Pagan Spring by G.M. Malliet
My rating: 5 of 5 stars
I have begun reading the two series by G.M. Malliet: St. Just and Max Tudor, both set in England. It's a little strange that I should pick this book to write a review of, the third book in the second series of hers that I've read. But, the spirit catches you and you fall down. (Wait, that's a different book.)
I love mystery novels. I've read all of the Agatha Christie books I could get my hands on. I have thought about it and I believe that there are three aspects that I love: Characters, plot and the puzzle. In that order. I know a lot of mystery readers try to figure out whodunit before the end. I won't say that I don't do this, but it has never been the main attraction for me.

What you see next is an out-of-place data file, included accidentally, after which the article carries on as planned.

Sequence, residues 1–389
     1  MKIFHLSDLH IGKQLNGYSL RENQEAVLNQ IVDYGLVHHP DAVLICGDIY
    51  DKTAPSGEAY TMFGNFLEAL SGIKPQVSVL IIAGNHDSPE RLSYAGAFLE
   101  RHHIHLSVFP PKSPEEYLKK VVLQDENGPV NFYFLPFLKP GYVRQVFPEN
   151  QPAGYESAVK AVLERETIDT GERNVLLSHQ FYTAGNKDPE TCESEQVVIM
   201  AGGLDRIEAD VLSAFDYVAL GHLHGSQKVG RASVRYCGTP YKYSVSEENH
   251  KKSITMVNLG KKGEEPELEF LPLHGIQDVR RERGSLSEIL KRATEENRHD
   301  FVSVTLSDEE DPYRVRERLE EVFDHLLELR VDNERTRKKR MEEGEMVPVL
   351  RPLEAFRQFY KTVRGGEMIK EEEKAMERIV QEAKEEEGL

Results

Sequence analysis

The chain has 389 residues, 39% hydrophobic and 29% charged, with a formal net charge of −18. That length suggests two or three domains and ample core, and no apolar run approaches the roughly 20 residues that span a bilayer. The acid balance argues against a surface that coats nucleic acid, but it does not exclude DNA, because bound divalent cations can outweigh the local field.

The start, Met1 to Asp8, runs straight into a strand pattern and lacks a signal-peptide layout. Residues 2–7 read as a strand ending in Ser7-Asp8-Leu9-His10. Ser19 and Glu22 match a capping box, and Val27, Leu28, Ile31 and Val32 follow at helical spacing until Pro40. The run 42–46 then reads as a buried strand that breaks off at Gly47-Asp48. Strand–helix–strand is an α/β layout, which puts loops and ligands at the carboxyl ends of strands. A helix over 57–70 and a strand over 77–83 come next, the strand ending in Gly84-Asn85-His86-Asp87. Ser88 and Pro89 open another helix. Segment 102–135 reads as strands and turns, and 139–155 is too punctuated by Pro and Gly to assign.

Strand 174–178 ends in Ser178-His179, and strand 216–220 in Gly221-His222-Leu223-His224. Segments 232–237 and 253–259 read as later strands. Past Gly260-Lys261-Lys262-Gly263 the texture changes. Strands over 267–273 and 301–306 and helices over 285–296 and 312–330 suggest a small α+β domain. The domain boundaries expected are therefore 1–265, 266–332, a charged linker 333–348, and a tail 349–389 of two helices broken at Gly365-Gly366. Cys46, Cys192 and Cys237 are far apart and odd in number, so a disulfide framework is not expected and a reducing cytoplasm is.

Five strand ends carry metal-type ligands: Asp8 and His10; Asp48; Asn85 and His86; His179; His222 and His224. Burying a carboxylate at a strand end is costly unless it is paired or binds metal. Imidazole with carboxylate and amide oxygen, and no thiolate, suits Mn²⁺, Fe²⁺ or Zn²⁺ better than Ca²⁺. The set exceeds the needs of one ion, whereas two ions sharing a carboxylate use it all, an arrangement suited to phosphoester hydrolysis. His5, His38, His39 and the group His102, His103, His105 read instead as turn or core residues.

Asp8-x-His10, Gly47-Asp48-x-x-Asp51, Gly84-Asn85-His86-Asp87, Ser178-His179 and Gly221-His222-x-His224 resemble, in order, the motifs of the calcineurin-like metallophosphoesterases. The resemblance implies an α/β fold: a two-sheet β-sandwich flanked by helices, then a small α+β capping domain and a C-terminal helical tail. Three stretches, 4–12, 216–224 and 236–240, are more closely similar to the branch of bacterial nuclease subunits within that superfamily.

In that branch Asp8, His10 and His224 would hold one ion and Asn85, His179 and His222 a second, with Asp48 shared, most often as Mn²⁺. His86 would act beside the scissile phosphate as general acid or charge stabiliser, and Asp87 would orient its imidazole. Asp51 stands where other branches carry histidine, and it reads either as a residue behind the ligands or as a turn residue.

So, Pagan Spring, the third book in the Max Tudor series. We have an ex-spy (Max Tudor) who has decided to become an Anglican priest and ends up in a delightful village called Nether Monkslip. (I am always a sucker for delightful villages.) The first book in the series, Wicked Autumn, did a wonderful job of introducing the main characters in the village. So, when in Pagan Spring I read a tiny snippet about Lily Iverson, I was already familiar with her as a person from having read Wicked Autumn. This made me happy, made me feel a bit like an insider. With Max you don't get a James Bond sort of feeling. He's not brooding or arrogant. Along the same lines, he's not a cocky Poirot. Max is real, has very real feelings of self-doubt, regrets and love. It's convenient for him (usually) that he is a beautiful man who draws record attendance to his small St. Edwold's Parish church.